One of the unique features of a ski and snowboard sock is shin cushioning. This is designed to provide a little more protection from 'shin-bang' on the slopes. This is when there is a little wiggle room in your boot, and when moving back and forth, the shin bumps the front of the boot. While a well-fitted boot should prevent this, this is a common experience many skiers have. Therefore, if you have sore shins at the end of the day, look for a sock with thicker shin cushioning, or check the fit of your boot.
Level of Tightness
When considering fit, you want to make sure your sock isn't too tight. Some socks offer compression paneling throughout, and if you're not used to it, you may not like it. Also, if you're blessed with powerful and muscly calves, you might have a hard time finding a sock that fits. Look at the level of stretch in the calf of the sock and the elasticity in the band at the top. Reference our gear reviews to get a leg up on the relative level of tightness for each sock. If you are a person having a hard time finding a big enough sock, look at men's options as they are typically bigger. Or if you have smaller calves, consider a women's sock for its slimmer fit. On that note…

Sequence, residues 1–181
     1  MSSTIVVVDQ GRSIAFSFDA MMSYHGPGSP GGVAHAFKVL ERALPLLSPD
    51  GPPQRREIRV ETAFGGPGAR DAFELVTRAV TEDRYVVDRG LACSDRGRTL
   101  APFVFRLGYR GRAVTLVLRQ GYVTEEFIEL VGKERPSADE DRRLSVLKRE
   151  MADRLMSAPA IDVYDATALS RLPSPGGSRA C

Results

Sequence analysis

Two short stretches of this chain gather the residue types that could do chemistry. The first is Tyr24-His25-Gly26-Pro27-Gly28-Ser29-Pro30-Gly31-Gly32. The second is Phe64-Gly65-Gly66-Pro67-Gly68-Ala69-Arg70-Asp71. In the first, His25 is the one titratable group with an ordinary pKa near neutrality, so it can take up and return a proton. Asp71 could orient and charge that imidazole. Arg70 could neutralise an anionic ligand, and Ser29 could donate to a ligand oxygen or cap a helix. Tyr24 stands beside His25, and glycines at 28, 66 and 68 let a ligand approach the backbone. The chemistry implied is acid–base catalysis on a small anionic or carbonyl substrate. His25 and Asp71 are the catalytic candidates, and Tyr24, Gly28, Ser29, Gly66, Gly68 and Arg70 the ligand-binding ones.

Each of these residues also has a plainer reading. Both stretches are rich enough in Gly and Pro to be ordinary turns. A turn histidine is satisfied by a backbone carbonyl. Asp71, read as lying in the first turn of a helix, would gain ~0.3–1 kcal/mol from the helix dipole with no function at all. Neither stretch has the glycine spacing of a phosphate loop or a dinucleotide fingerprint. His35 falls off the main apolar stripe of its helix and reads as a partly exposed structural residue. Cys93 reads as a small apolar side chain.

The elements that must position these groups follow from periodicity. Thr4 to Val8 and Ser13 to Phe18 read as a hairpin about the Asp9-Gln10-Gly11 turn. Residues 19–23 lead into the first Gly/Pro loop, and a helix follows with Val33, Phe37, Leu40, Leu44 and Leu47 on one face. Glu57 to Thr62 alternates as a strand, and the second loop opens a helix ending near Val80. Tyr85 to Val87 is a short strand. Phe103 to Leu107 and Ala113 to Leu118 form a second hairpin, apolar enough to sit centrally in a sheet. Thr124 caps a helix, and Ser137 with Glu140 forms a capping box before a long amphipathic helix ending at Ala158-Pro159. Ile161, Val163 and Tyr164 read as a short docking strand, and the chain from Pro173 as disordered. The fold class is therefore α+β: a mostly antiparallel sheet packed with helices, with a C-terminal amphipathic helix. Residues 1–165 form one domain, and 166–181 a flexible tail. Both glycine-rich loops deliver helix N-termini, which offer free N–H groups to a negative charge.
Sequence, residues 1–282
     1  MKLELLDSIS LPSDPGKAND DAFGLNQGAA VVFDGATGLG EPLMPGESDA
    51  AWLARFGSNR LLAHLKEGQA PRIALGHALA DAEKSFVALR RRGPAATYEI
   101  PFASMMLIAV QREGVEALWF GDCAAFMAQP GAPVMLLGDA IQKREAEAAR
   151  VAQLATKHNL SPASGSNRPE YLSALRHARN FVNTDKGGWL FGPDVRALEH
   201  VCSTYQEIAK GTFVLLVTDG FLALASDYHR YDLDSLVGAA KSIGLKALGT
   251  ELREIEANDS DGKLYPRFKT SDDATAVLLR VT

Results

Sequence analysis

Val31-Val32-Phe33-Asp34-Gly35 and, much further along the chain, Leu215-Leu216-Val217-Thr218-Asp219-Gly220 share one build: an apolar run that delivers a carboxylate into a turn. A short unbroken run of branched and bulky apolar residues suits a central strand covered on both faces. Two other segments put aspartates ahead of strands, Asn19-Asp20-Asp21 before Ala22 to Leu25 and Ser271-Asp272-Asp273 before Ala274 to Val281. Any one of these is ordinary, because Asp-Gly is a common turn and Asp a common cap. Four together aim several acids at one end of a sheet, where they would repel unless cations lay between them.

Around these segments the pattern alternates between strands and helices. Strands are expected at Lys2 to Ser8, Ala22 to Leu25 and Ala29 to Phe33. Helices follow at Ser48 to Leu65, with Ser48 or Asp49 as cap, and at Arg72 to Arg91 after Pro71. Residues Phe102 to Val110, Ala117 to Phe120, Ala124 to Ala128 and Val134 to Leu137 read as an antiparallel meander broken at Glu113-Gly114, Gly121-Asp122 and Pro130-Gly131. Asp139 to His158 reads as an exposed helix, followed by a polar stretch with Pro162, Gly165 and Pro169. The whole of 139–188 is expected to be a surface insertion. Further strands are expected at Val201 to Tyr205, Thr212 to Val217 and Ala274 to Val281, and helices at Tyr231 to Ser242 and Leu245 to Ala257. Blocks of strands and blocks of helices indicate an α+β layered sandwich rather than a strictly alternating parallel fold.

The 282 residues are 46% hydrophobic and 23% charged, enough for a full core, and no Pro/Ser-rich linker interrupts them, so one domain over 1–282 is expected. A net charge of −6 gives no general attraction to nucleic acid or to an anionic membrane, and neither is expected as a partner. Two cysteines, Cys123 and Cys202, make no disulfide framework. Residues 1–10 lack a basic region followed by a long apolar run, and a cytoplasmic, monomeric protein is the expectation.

Gender Specific Fit: What's the Difference?
While gender-specific fit typically has more "female" or "male" specific colors, the biggest difference between the two is fit. We tested two Smartwool PhD options, women's and men's, with the same relative sizing. In our tests, we found the men's option to be a little wider in the foot with more volume in the calf.
Instead, consider the relative size of your foot and calf. If, for example, you are a woman with burlier calves and wider feet, maybe do a little research to see if that size will accommodate you. If it doesn't seem to be that way in your research, take a look at the men's option instead. Alternatively, if you're a male with smaller calves and a more narrow foot, consider the women's sock instead. Overall, choose the best size for you.
Choosing the correct sock for skiing or snowboarding is crucial for ensuring a great day on the slopes. One that can manage moisture will offer great performance, even on the coldest days of the year. Remember, a thicker sock doesn't equate to a warmer sock. It's all about construction and how you ski. Make sure to choose the right weight and features that will work towards keeping your feet dry on the mountain.